Oskaloosa Daily Herald from Oskaloosa, Iowa on January 30, 1957 · Page 87
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Oskaloosa Daily Herald from Oskaloosa, Iowa · Page 87

Oskaloosa, Iowa
Issue Date:
Wednesday, January 30, 1957
Page 87
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Page 87 article text (OCR)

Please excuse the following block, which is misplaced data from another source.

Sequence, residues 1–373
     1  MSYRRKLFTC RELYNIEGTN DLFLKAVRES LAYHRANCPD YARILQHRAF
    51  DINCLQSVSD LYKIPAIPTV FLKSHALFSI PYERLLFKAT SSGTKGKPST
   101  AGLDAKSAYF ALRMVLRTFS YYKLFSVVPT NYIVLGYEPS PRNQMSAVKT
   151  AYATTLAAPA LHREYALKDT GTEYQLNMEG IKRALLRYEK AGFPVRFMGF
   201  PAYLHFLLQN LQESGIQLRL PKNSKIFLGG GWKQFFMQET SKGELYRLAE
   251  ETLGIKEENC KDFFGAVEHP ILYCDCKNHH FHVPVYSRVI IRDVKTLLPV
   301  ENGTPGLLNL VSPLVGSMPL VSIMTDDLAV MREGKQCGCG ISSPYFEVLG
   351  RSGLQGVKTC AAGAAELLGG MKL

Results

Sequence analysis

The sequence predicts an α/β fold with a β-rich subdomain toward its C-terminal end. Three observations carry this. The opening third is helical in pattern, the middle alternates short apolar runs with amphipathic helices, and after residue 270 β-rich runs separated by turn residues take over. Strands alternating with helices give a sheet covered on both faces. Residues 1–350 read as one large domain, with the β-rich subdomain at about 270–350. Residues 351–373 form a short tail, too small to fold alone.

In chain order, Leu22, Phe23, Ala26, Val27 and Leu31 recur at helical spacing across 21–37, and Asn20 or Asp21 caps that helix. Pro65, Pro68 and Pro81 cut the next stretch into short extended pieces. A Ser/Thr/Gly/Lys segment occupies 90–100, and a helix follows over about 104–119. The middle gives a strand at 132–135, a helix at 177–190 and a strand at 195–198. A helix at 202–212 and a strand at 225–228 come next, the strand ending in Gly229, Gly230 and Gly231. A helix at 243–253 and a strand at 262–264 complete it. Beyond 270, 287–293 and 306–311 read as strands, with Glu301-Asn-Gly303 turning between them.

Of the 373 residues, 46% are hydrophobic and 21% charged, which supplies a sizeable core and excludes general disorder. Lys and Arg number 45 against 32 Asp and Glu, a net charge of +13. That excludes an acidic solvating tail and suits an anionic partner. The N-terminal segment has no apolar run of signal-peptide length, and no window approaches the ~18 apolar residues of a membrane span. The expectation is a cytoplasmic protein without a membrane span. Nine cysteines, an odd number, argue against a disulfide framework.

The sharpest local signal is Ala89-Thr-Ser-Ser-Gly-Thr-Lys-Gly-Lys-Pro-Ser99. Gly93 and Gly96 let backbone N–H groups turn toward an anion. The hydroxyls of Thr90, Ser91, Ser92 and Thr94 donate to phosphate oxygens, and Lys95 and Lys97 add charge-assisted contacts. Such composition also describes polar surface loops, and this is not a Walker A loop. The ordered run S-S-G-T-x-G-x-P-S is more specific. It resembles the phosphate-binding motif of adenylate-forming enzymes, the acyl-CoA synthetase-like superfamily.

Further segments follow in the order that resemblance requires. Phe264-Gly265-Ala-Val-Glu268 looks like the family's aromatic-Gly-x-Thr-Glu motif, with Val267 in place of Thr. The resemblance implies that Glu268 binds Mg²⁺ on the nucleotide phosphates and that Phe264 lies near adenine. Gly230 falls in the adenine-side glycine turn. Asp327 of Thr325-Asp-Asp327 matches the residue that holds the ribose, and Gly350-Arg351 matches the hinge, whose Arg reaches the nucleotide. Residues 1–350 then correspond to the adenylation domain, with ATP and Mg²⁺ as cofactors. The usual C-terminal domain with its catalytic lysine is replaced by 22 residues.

IOWA UNIVERSITY / SCHOOL OF JOURNALISM IOWA CITT IOWA , 1960 a new decade of DAILY VOL. 73, NO. 127 READING ROOM ^^ . · f SUB. I SCHOOL OF Oskaloosa s best hod If craft 111 YEARS OP NEWSPANR SOtVtd OSKALOOSA, IOWA--FRIDAY, JAN. 29, 1960 FOUNDED JULY 2, 1850 year much promise THE FIRST unit of new Ipalco power station to be built west of Oskaloosa pleted with two more units the local station will generate more than 700,000 kilo- will b* two-thirds the size of this three unit station at Des Moines. When com* watts and will be the largest in Iowa. If the immediate past reflects the future the '60s will hold much promise for Oskaloosa. The last hurdles to industrial development in Oskaloosa have been cleared and Oskaloosa faces clear running ahead. Four new plants came to Oskaloosa and three existing industries were enlarged in 1959. If any one of several concerns negotiating for Oskaloosa manufacturing comes here in 1960 more progress win have been made and new payrolls wfll have been achieved. The story of 1959 is more than a new PAMCO, Oskaloosa Silo Co., Oskaloosa Engineering Manufacturing Co., and Oskaloosa Concrete Products Co., with expansion at the Iowa Valve Company, Continental Manufacturing Co., and Mahaska Industries, Inc. About 125 additional men have been employed here as the result of the new upsurge in manufacturing activity. LATE IN THE YEAR came word that Iowa Power Light Co., will let contracts this year for and start 1961 construction on a new $20.000.00(V power station on the Des Moines river ten miles west of Oskaloosa, The first generating unit will be rated at 150,000 kilowatts -- the biggest unit of its kind in Iowa. Additional units to be installed within the next decade are expected to raise production to 700,000"kilowatts"or more. THE POWER station construction win come at the .same time work is begun on the new §75,000,000 Red Rock reservoir, several miles up the Des Moines river. This will provide the largest Iowa lake and recreation center, as well as assuring flood control for the lower Des Moines river valley. About a third of the power station cost will go for wages, while a large share of Red Rock cost wfll be spent on labor -- all money certain to be spent in the local area over several years period. UNPRECEDENTED residence construction in Oskaloosa in 1960 should make the year the biggest ever in home building. At least two new residential subdivisions are in planning for incorporation into the city. Present and future are so closely tied together in Oskaloosa development that it is difficult to define the dividing line. Gains made in 1959 will be reflected in increased payrolls this year and those advances wfll spread to other fields of community activity with incident construction, employee increases and new pay checks. ECONOMIC-BALANCE in Oskaloosa income is becoming nearer and nearer, with manufacturing gradually catching up with farm income. Industry DOW provides $4,093,000 in salaries for 960 workers as the major share of the 814,584,250 paid to 4,751 workers in all fields of employment. M. St. L. train crews in Oskaloosa drew $502,970 in salaries in 1959, with 45 men listed as local employees. The total does not include public employees, professional men and women, etc. Evidence of Oskaloosa's growth may be found in the records of utilities. Domestic electric meters totaled 4,062 in 1959, up 55 from 1958. Domestic gas meters jrained 219 to provide a new total of 3,406 -- largely due to the extension of gas to University Park. Telephones totaled 6,700 last year, an increase of 297 for the year. Water meters totaled 4.281 for an increase of 32 in 1959. OSKALOOSA construction amounted to more than DEVELOPMENT . . . (Continued on Page 2) Section 1 Development Pages 1-12 AERIAL VIEW of the new Oskaloosa senior high school building north of town. Th« school is one of the finest in the state, incorporating many features now being copied for other schools. The new building made possible cst;ii;iishment of the new junior high school. {NEWSPAPER! SJEWSPAPES.I

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